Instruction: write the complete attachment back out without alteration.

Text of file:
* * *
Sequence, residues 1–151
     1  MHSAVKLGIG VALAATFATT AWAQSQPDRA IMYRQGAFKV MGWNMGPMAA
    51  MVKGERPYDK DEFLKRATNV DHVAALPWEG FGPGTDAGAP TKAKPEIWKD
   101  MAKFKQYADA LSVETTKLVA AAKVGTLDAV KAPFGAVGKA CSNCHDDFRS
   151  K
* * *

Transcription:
Sequence, residues 1–151
     1  MHSAVKLGIG VALAATFATT AWAQSQPDRA IMYRQGAFKV MGWNMGPMAA
    51  MVKGERPYDK DEFLKRATNV DHVAALPWEG FGPGTDAGAP TKAKPEIWKD
   101  MAKFKQYADA LSVETTKLVA AAKVGTLDAV KAPFGAVGKA CSNCHDDFRS
   151  K